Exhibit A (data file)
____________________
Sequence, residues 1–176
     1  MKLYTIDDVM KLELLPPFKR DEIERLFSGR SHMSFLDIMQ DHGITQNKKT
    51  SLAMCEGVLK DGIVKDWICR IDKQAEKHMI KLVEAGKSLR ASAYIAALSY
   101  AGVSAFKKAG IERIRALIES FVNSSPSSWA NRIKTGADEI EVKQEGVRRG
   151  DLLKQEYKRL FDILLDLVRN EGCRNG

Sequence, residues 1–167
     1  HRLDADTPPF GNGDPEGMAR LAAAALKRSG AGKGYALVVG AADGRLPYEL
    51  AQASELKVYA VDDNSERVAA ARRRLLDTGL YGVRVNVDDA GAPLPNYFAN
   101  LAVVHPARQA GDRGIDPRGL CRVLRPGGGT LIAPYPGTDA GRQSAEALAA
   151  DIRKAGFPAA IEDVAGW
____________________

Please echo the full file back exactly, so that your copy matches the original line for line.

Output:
Sequence, residues 1–176
     1  MKLYTIDDVM KLELLPPFKR DEIERLFSGR SHMSFLDIMQ DHGITQNKKT
    51  SLAMCEGVLK DGIVKDWICR IDKQAEKHMI KLVEAGKSLR ASAYIAALSY
   101  AGVSAFKKAG IERIRALIES FVNSSPSSWA NRIKTGADEI EVKQEGVRRG
   151  DLLKQEYKRL FDILLDLVRN EGCRNG

Sequence, residues 1–167
     1  HRLDADTPPF GNGDPEGMAR LAAAALKRSG AGKGYALVVG AADGRLPYEL
    51  AQASELKVYA VDDNSERVAA ARRRLLDTGL YGVRVNVDDA GAPLPNYFAN
   101  LAVVHPARQA GDRGIDPRGL CRVLRPGGGT LIAPYPGTDA GRQSAEALAA
   151  DIRKAGFPAA IEDVAGW